The long-awaited final season of HBO's award-winning TV series, Succession, screens this month, and while the Roy family may be fictional, board-level dramas in real-life family-owned companies have hit the headlines in recent years.
With many of the world’s largest, and most successful, companies being run by families, their stability and focus on long-term performance is often in contrast with many public-owned firms. Yet, whether a company is public or family-owned is an often-overlooked factor when it comes to strategic decision-making. Working with both business models, we have explored and compared the benefits of both public and family-owned companies, and observed the critical lessons they can teach each other.
Family-owned firms can provide public companies with ideas for governing in ways that go beyond a focus on short-term value for shareholders. They also tend to be more enthusiastic about recruiting diverse outside talent. Whereas family structures foster trust, which helps communication and makes it easier to develop a shared purpose and long-term vision.
Three things public companies can learn from family-owned firms
1. Prepare the company to pass on to future generations
Even after several generations of ownership, family-owned firms typically remain closely associated with the family name and history and retain something of a founder’s mentality. This encourages a focus on the firm’s values, purpose, and long-term performance over short-term profits. Current leaders often see themselves as stewards who have a duty to future generations.
Many family-owned companies have codified this idea with guiding principles that bind future generations to protect sustainability, stability, and family ownership. In some companies these can become binding rules. For example, one founder of a successful enterprise wrote a letter to his children saying: "You do not own the company. The company belongs to its employees, its customers, and its shareholders... in that order." The children signed away their right to sell their shares outside the family for 50 years.
Family leaders also are more conscious of the need to plan leadership succession, often with a view 20 or 30 years into the future. That encourages them to look out for talent among the younger generations and prepare them for future roles. Almost all family offices — dedicated structures aimed at managing the family’s interest — have highly developed and well-resourced programs to identify and develop future leaders within the family.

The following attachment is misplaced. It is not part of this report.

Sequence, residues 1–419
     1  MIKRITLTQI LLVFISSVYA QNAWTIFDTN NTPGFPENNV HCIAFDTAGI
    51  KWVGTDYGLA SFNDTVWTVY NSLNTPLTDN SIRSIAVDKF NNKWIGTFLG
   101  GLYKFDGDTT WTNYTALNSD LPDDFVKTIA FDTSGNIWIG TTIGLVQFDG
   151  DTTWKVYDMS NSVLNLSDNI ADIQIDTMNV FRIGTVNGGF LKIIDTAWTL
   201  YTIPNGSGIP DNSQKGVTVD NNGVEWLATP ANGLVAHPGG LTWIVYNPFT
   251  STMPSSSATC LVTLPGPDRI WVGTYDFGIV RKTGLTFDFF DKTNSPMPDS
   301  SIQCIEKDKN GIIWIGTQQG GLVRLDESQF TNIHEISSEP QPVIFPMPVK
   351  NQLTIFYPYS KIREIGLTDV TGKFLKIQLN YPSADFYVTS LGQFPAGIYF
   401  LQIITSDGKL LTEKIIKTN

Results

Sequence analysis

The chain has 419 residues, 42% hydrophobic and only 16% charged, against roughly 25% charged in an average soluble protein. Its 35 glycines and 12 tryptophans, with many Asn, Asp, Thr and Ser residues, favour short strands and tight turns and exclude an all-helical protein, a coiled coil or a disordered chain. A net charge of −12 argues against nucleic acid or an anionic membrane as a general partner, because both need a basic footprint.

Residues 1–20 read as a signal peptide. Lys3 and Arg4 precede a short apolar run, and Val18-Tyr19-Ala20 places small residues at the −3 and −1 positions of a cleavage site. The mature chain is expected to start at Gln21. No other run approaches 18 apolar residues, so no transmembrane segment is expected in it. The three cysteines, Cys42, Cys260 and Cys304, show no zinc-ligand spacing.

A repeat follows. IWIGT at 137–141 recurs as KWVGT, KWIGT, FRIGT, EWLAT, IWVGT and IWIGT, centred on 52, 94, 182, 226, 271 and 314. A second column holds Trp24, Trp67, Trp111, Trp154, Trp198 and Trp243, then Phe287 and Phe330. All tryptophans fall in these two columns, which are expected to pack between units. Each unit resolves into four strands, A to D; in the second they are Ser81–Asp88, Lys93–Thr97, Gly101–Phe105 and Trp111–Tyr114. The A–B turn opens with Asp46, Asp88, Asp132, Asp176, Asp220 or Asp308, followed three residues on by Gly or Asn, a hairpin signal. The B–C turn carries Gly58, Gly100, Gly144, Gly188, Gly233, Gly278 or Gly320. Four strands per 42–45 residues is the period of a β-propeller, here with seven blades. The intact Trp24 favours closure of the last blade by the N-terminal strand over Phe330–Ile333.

2. Forge deeper, less-transactional relationships
Family ties affect relationships between the company and employees and between employees themselves. These relationships are more emotional and as a result, the company’s value proposition to employees can include a more supportive culture with a greater focus on values.
Managers’ feelings of attachment to a company are “much stronger when they work for a family enterprise,” according to a 2022 study by the French Institute of Family-Owned Businesses. Among such managers, 97% say they identify to a great extent with “the spirit” that is specific to a family company. They say this attachment is supported by communication about strong values, such as mutual trust (86%) and relationships with colleagues (77%).
The original mission and values can generate strong engagement among employees and be one of a family-owned company’s greatest assets
3. Develop purpose beyond shareholder value
Many public companies focus overwhelmingly on shareholder demands and prioritize short-term financial performance. In contrast, family owners are more likely to have a “higher” purpose. Danone founder Antoine Riboud was one of the first CEOs to publicly address the need for more responsible governance when he stated in 1972 that “the responsibility of a corporation does not stop at the gates of factories and offices.”
Current leaders often have emotional ties to a founder and their vision, encouraging them to maintain a stable, long-term strategy rather than to imprint their own vision on the firm. The original mission and values can generate strong engagement among employees and be one of a family-owned company’s greatest assets.